Here we are, approaching another full moon and many of you are once again asking questions about parasites and parasite herbs. One of the questions I have not previously addressed in an email to the subscription list is children and parasites. So, here is a little story.
Years ago, I met Drs. Smita and Pankaj Naram in Copenhagen and later they gave a series of seminars in Santa Fe. I met them in the 80s before they were internationally famous but they were quite well known in India even in the 80s. What I love about Indians is their reverence for their gurus and the wisdom their teachers share. Their special teacher was a shepherd in the Himalayas. When he was about 125 years old, a tad past that actually, he summoned them to visit him immediately. This was unusual but since he was their teacher, they instantly made provisions to be away from their practice and journey from Bombay to the Himalayas. When they arrived, they found him a bit anxious. He asked if there was anything at all he had failed to teach them, any condition they did not know how to treat, anyone they knew who could cure people they didn't know how to treat, et! c., etc. Then, he asked them to visit Yeshe Dhonden, the personal physician to H.H. the Dalai Lama at that time. The next day, he asked them to visit Lopsang Dolma, a gifted lady doctor. Each time he asked if they had observed any methods of treatment that they themselves did not know how to use. Each time they reported back, the teacher was satisfied, but he sent them to visit even more doctors. Then, he went to a cave and when Smita brought him dinner that night, they found his body in meditative posture but their teacher was no longer of this dimension.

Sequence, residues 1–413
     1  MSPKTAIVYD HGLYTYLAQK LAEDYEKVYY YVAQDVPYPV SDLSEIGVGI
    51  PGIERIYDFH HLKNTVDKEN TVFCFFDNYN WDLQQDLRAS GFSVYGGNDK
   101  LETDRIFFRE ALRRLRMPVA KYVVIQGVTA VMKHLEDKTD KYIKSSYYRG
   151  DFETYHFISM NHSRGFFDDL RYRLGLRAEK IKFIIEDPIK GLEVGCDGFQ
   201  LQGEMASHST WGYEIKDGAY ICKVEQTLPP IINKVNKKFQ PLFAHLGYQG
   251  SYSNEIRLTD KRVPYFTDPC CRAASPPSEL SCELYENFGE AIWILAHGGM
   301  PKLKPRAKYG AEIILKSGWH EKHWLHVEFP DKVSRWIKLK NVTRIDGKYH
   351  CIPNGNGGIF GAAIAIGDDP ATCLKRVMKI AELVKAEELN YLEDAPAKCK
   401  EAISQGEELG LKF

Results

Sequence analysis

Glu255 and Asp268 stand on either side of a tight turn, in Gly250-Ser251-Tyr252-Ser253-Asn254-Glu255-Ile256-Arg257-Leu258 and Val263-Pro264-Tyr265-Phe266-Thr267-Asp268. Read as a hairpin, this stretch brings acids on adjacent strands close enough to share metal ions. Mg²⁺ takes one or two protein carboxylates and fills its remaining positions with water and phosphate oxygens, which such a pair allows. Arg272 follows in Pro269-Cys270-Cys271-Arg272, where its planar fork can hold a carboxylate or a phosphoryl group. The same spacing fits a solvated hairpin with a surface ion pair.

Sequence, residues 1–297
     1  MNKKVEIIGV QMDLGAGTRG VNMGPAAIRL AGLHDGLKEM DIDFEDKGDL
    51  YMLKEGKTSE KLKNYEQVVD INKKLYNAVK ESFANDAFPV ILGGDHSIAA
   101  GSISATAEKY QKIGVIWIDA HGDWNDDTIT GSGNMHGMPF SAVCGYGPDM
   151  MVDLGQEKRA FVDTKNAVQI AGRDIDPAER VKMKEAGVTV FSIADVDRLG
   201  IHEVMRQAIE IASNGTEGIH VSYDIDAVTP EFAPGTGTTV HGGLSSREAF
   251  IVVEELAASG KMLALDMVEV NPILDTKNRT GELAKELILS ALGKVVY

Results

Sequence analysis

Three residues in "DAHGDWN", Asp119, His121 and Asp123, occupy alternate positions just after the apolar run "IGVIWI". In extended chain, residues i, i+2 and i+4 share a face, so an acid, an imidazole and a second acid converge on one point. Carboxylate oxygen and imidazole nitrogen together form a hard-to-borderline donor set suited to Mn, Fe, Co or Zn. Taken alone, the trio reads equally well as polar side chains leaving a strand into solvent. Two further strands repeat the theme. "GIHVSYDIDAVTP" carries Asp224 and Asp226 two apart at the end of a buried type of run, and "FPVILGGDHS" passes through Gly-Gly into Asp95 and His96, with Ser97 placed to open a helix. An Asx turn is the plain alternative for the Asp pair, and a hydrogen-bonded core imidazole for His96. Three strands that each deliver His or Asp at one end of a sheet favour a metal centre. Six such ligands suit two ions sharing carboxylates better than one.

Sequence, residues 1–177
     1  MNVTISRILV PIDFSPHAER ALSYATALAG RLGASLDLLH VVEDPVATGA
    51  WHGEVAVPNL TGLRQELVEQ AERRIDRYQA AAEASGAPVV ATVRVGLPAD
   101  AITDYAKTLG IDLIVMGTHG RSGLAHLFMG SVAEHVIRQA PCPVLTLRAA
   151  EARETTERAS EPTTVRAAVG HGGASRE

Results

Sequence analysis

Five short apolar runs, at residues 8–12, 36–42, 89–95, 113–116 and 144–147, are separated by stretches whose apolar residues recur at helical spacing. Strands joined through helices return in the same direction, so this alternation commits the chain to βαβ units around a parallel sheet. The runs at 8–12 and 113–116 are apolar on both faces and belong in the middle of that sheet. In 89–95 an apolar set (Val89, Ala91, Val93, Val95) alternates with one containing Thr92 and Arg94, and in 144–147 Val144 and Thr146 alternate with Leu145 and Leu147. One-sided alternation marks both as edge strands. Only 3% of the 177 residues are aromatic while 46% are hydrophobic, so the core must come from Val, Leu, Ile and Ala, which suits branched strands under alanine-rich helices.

I love these stories but I think a healer is a healer is a healer so whether in this or that dimension, teachers still share their gifts. Not all of the Naram's stories were blissful, one had a sort of godfather like shock effect on me so if you are easily grossed out, you might want to hit delete pretty soon.
They showed a picture of a young girl with intestinal parasites. She had basically delivered a heap of white, squirming animals and these had been captured and photographed. When I say "heap", I mean a big bowl, like a foot in diameter and piled high. It was both fascinating and revolting; and they said it had taken four years to cure her completely. I am not surprised a bit.
One of the methods that can be used with children who either can't or won't swallow pills or even liquid medicines is to use warm milk that has been sweetened. For this purpose, you don't need organic milk and sucanat. You can use anything handy. You can put this into a training potty and hopefully the worms will smell the milk and be tempted to crawl out and drop into the milk. They apparently have a good sense of smell and like the aroma of milk. I wonder if they used cardamom and peppercorns? Sorry, aiming for a little levity here.